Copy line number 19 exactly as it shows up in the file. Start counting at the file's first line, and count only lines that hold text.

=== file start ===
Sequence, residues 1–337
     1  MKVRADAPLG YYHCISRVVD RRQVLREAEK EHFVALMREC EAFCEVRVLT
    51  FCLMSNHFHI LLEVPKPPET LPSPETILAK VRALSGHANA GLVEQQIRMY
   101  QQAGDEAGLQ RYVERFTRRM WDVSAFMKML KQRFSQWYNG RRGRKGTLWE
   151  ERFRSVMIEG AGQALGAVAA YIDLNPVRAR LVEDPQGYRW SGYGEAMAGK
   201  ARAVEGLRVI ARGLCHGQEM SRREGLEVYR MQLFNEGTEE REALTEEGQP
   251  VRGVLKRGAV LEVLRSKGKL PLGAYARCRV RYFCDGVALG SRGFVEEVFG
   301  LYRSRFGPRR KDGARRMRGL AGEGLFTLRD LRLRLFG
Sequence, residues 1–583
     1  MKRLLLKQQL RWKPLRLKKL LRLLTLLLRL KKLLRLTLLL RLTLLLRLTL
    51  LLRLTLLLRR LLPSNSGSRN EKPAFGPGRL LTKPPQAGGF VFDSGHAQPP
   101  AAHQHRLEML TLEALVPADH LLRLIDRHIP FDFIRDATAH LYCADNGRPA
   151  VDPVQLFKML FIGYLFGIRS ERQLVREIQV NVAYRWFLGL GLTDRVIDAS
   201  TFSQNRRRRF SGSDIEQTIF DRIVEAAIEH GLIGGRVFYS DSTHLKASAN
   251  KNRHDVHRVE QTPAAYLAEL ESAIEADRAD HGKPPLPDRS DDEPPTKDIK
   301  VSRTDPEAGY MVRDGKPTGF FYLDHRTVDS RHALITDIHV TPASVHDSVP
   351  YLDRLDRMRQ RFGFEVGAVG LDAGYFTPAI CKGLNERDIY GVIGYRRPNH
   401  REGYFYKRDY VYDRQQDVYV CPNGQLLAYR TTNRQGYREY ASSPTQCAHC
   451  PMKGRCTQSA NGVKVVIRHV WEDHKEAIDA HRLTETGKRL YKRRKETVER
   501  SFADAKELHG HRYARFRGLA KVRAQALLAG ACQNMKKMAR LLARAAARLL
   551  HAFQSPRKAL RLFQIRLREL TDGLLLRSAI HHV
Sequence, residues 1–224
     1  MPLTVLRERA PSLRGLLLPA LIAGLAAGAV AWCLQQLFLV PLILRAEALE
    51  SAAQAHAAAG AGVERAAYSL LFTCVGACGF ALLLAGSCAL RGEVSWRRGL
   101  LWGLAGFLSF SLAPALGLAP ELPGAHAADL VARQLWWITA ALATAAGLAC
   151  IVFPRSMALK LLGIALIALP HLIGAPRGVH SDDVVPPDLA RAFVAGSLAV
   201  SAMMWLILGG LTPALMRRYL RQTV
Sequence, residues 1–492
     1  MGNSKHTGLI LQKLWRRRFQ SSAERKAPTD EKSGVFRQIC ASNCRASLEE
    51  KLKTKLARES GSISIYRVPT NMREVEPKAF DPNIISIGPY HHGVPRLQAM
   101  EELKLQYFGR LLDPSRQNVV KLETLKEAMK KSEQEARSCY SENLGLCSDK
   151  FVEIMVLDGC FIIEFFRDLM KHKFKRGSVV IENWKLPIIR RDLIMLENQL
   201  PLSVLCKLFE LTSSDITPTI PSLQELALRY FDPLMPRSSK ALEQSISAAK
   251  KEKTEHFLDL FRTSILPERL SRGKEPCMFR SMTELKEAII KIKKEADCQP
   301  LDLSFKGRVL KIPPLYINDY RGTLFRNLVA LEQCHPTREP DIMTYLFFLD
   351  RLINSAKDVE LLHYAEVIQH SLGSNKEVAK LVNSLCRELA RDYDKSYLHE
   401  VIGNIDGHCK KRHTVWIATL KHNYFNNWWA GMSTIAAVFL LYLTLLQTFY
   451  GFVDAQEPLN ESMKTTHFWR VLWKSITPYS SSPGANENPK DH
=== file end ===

   451  PMKGRCTQSA NGVKVVIRHV WEDHKEAIDA HRLTETGKRL YKRRKETVER